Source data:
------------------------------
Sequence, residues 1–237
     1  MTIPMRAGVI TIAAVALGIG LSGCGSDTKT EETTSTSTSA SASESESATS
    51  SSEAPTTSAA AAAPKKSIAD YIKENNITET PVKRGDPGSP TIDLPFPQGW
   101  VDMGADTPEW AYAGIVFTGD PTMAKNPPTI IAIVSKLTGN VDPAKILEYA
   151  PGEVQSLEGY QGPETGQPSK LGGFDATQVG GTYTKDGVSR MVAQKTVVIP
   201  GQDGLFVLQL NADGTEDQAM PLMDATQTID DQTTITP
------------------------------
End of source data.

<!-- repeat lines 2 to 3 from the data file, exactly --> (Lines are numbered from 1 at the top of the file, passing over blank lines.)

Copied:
     1  MTIPMRAGVI TIAAVALGIG LSGCGSDTKT EETTSTSTSA SASESESATS
    51  SSEAPTTSAA AAAPKKSIAD YIKENNITET PVKRGDPGSP TIDLPFPQGW